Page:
I bring to this discussion fifteen years service as one community's Emergency Manager having participated in four Presidential Disaster Declarations.
In North Carolina nearly all one hundred counties have experienced disasters in the past decade. The issue of disaster response is no longer the other communities problem. I can attest that most all local governments now have a greater appreciation for a sound emergency management response program. However it is my belief that while disaster response plans are improving, only a small number of communities are sensitive to the rising disaster cost and the potential for cost reduction under the concept of mitigation
This Committee, along with some local governments and federal agencies are equally concerned about the cost of disaster recovery. However, before you hasten to suggest budget cuts or tighter restrictions, understand that every disaster response is community specific. Needs vary, and individual pain and suffering is far greater than the typical 15 second sound bite seen on the evening news.
I have witnessed federal participation in disasters in the 1980's and I have been a part of the federal response effort during events of the 90's. Allow me to compliment FEMA and many of its Federal partners on dramatic improvements in customer service. While dramatic improvements have occurred and communities are better served, there still exists opportunities to reach new levels in disaster response and mitigation.
The efforts of FEMA's Project Impact is the new cornerstone of local recovery and mitigation initiatives. My community -- New Hanover County North Carolina is one of the seven pilot communities involved in this worthwhile program. With FEMA's program support, we have a local community-driven task force. Our task force, titled the Partnership for Disaster Mitigation & Recovery has generated strong community interest. Let me illustrate some of our successes. In partnership with Lowe's Home Improvement Warehouse, we have conducted Hurricane Preparedness Expos. This event allows hundreds of visitors and customers to learn more on topics ranging from simple preparedness reminders to the latest techniques in strengthening roof and wall systems.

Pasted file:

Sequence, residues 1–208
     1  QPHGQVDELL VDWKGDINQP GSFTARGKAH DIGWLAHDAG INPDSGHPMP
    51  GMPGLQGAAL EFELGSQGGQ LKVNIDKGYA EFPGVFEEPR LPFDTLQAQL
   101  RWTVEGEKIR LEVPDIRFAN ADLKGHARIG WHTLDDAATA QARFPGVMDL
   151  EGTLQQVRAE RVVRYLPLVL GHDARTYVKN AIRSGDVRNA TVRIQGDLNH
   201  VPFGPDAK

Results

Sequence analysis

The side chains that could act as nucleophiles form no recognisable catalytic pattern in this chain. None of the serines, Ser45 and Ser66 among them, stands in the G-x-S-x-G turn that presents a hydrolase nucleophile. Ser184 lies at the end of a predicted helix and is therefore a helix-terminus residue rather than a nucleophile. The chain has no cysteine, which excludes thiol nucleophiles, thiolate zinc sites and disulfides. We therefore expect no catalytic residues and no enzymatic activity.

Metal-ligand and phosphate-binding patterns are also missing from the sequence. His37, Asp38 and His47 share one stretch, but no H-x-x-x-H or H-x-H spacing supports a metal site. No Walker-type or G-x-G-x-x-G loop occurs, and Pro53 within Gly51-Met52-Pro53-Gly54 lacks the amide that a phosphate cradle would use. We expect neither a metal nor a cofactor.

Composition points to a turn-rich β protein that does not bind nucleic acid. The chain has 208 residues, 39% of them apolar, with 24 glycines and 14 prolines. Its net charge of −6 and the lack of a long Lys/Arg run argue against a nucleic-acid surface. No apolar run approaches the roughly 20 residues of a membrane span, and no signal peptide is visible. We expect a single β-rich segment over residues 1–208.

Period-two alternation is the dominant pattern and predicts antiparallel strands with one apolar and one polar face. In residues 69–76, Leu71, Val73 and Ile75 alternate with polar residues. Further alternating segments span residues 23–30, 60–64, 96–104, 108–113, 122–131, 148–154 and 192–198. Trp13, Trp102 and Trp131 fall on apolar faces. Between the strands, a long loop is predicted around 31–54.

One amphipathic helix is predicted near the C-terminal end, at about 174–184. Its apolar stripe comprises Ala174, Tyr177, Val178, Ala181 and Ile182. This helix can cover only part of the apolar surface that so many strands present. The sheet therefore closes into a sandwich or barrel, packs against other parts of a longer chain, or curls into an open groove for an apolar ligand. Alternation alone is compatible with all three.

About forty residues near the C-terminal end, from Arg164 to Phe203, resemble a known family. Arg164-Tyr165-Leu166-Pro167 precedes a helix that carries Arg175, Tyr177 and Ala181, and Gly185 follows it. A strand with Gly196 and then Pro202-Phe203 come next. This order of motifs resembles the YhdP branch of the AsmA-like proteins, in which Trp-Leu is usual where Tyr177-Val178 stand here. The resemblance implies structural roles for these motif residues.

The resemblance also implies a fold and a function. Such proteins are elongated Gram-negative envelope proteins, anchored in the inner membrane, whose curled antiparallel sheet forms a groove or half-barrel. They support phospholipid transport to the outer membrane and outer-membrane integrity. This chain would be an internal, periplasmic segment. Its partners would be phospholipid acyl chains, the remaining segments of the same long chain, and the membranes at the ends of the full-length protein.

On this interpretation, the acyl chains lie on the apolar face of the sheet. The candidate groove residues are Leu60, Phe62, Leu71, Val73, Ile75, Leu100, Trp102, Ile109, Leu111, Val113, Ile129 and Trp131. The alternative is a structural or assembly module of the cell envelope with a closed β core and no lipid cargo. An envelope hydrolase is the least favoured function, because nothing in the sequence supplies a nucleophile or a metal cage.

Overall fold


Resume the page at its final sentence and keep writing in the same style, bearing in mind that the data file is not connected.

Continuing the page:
Barnes and Nobles Bookseller contributed a full month of community service programming to hurricane awareness and single family home mitigation techniques. Most notably has been the highly acclaimed sessions for children who have learned preparedness and drawn pictures of elevating their homes illustrating their understanding of disaster mitigation techniques.
Just one of our planned construction projects is a combined FEMA and local effort. Combining funding sources we are designing new school roof systems to not only reduce the cost of damages during the next hurricane, but improving the building's safety as an evacuation shelter. A key part of this activity will include training local engineers, building code officials and architects on the latest wind resistant techniques for incorporation into future school construction projects.
For the record, a summary of our community activity and work projects has been submitted.